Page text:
Gavyn Davies, economist and adviser to the Labour government, was today confirmed as the new chairman of the BBC.
Mr Davies, aged 50, will succeed Sir Christopher Bland who is standing down after becominng chairman of British Telecom five months ago.
Mr Davies and broadcaster David Dimbleby are understood to have been the leading candidates in a shortlist of six who were interviewed.
The chairman heads the Board Of Governors at the corporation – who represent the public interest – and works closely with director general Greg Dyke to lead the organisation.
Mr Davies, a friend of Chancellor Gordon Brown, became vice–chairman of the BBC at the start of this year and is a managing director of investment bank Goldman Sachs International.
He chaired the independent review into the future funding of the BBC in 1999 and he quickly emerged as a frontrunner when Sir Christopher's departure was announced.
The Conservative Party has already been critical in anticipation of him gaining the post.
He was a member of the policy unit at 10 Downing Street during the Labour administration from 1974 to 1979 and is a Labour party member.
Culture Secretary Tessa Jowell welcomed the appointment, which she insisted was
free from political bias. "I am delighted that, for the first time, the Government has run an independent and open selection process to appoint the chairman of the BBC," Ms Jowell said.
"The selection panel made a recommendation to me and I am happy to support their recommendation of Gavyn Davies for the post of chairman of the BBC board of governors.
"We will now begin the process of recruiting a new vice chairman, using the same independent procedures.
"Advertisements will be placed at the end of the month and I hope an announcement will be made within three months."
Downing Street sought to defend the appointment of Mr Davies – whose wife Sue
Nye works in Chancellor Gordon Brown's office – from charges of political
The Prime Minister's official spokesman said that ministers had played no part in the selection process.
"It would be strange for the Government to overrule an independent committee. The committee considered all aspects of this appointment and believed that he was the best candidate."
Mr Davies is resigning his position at Goldman Sachs in order to take up his four day–a–week post at the BBC, although he was currently negotiating with the firm about carrying on with some kind of part–time consultancy work.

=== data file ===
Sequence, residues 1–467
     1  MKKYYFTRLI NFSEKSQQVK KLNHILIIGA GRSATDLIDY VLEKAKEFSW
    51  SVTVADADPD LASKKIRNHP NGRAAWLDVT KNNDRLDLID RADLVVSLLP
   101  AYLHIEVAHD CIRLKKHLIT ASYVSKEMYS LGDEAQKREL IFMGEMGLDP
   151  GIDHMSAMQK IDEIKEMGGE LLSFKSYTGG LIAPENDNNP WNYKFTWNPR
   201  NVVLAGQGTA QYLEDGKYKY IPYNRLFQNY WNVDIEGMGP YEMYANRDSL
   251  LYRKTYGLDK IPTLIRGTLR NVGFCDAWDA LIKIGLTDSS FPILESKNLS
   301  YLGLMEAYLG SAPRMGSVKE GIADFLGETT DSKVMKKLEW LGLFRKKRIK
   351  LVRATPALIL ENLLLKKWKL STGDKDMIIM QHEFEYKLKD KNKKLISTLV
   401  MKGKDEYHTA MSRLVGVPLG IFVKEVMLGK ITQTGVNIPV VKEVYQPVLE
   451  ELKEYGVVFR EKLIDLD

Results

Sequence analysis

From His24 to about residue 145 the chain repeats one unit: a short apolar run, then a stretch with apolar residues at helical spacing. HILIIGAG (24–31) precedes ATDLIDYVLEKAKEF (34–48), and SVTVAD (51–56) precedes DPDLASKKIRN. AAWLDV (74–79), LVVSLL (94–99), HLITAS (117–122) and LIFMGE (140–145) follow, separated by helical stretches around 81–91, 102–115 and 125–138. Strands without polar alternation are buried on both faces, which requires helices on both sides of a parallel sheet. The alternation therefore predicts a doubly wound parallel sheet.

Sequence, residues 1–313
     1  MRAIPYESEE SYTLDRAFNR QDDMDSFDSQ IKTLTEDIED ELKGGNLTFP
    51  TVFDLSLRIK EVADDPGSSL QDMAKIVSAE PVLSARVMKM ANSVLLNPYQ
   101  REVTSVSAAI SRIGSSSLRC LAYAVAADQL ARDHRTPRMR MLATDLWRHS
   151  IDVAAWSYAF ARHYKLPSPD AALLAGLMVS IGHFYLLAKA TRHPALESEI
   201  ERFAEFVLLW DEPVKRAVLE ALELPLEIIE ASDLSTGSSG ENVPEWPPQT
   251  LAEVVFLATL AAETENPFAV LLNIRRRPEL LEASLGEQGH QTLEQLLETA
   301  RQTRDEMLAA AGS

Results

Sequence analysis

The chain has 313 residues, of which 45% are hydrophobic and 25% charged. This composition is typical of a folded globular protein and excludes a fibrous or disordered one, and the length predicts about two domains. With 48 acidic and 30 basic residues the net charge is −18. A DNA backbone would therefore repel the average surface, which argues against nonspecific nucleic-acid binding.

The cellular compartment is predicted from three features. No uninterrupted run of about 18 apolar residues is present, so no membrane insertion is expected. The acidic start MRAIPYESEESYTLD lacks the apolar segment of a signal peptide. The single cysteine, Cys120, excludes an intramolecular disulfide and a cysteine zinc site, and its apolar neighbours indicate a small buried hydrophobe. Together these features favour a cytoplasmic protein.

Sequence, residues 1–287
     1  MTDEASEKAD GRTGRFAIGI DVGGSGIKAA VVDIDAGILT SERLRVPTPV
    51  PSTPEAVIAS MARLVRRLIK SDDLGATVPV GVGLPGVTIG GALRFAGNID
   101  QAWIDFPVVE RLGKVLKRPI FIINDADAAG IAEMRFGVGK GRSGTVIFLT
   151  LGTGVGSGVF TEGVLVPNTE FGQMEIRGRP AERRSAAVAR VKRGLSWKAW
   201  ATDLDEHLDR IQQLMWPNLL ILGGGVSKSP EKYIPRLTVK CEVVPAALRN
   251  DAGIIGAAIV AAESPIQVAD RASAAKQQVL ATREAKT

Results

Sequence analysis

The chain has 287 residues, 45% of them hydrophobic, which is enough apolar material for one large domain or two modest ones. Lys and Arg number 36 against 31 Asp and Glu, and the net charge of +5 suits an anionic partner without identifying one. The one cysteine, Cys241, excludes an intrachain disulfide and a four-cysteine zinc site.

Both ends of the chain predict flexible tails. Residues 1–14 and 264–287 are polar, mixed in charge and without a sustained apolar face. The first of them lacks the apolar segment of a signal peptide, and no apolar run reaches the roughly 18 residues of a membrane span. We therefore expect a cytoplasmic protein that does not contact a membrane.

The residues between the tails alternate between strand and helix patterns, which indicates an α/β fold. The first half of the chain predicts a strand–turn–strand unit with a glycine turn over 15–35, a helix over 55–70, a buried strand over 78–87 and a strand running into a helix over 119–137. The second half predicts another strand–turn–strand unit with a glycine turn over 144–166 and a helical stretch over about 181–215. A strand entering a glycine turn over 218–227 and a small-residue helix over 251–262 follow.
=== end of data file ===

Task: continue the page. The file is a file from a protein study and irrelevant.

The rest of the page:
Conservative Central Office dismissed claims that the selection panel was
independent as "an insult to people's intelligence".
Shadow culture secretary Tim Yeo said the appointment called into question the BBC's political impartiality.
As director general Greg Dyke was also known as a Labour supporter – the post of vice chairman must go to someone with clear Tory sympathies, he said.
"Never before has the chairman and the director general of the BBC been prominent supporters of the same party," Mr Yeo said.
"Although I have no objection to Gavyn Davies as an individual the fact that both the director general and chairman of the BBC are overt supporters of the same political party is a break with all previous precedents and will make life difficult for the BBC itself.
"The only way for the BBC to salvage their reputation for political impartiality would be for them to appoint an identifiable Conservative vice–chairman."
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No details were given of the membership of the four–strong selection panel which
was chosen by civil servants at the Department of Culture, Media and Sport.
The Prime Minister's official spokesman hinted that the appointment of the new vice–chairman – which will be made in the same way – may go to a Conservative in order to allay accusations of political bias.
"The selection panel will no doubt want to consider that all aspects of the role and constitution of the Board of Governors," the spokesman said.
Among those tipped for the job is Baroness Hogg, the former head of the 10 Downing Street policy unit under John Major and the wife of the Tory ex–Cabinet minister Douglas Hogg.
Senior Labour Party sources also sought to deflect criticism of Mr Davies's appointment, pointing out that he had been considered sufficiently impartial to serve as one of the Treasury's "seven wise men" under the Conservatives.Reuse content